For mine, I used pesto from Aldi instead of the pizza sauce, mozzarella, Hormel Turkey Pepperoni, canned mushrooms and halved black olives. And a few turns of Spice Islands Garlic & Herb Bread Dipping Spices.


Friday, February 4, 2011

Girl after my own Heart

My daughter watched, perplexed, as I sliced up a red pepper that I splurged on at the grocery today. It was just so....red, and I felt I needed more red in my diet today. :)

She finally spoke up, inquiring "Where did you get THAT thing, when there's snow on the ground outside?".

My first thought: She's a girl after my own heart. She knows food doesn't grow here this time of year--and that it grows on plants!

My next thought: The poor thing is so deprived not to have a regular diet of peppers in the middle of winter! (Not!)

My afterthought: Busted. I went against my "buy only from the US" with this pepper: it's from Mexico.

But I will enjoy this extravagance anyway. We had a good little talk afterwards about where they grow these things when we can't and how they get here to our grocery stores so we can buy them.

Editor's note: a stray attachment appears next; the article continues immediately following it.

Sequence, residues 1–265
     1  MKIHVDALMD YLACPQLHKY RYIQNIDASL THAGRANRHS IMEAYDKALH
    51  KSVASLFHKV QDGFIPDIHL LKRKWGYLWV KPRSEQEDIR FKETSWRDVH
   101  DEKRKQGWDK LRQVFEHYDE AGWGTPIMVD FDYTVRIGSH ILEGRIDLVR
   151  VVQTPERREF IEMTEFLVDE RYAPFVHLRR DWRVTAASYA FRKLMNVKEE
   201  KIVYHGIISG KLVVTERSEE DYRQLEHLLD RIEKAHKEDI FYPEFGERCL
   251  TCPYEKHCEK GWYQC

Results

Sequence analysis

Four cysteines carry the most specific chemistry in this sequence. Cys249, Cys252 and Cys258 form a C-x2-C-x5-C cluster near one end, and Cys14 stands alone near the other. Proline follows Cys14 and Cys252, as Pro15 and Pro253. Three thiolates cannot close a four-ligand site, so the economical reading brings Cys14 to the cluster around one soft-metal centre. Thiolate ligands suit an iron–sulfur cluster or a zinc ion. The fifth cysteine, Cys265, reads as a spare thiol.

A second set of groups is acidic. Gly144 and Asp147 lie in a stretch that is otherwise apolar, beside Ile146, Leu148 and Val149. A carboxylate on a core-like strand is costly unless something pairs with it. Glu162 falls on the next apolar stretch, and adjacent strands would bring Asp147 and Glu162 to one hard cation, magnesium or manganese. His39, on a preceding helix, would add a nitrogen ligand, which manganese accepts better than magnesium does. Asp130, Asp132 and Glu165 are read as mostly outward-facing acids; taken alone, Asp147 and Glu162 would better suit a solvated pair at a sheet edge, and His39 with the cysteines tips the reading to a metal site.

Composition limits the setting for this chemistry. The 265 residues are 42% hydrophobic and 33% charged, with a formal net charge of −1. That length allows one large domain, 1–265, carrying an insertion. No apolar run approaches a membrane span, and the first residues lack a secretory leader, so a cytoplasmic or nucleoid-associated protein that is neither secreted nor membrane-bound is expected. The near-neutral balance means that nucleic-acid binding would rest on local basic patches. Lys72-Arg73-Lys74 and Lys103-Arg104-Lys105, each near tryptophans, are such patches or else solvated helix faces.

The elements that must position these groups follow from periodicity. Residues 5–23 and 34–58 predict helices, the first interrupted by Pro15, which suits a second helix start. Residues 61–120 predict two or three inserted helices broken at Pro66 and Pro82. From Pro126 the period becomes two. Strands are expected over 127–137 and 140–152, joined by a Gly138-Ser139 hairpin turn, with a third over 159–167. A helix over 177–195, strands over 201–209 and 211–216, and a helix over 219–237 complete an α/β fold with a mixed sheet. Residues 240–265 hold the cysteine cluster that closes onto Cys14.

Thursday, February 3, 2011

Book Review: FOOD RULES An Eater's Manual by Michael Pollan

It probably comes as no surprise that I am a fan of Michael Pollan's books and his ideas about food: Eat Food, Mostly Plants, Not Too Much. The book FOOD RULES An Eater's Manual elaborates on this idea.

Though I did fairly well during the holidays at avoiding pure junk, I figured I could definitely use a reminder of what I really want my focus to be on. So, I picked up FOOD RULES at the library.

This book is an excellent quick and easy read. If you had a dedicated hour/hour and half to read, you could probably make it through this book in that time. Or, you can do like me and take it in little snippets of time here and there, because it is written in small parts that are easy to stop at and not completely lose one's train of thought. Whichever way you approach it, if you care about what you eat, you will be pondering what you've read for days. :)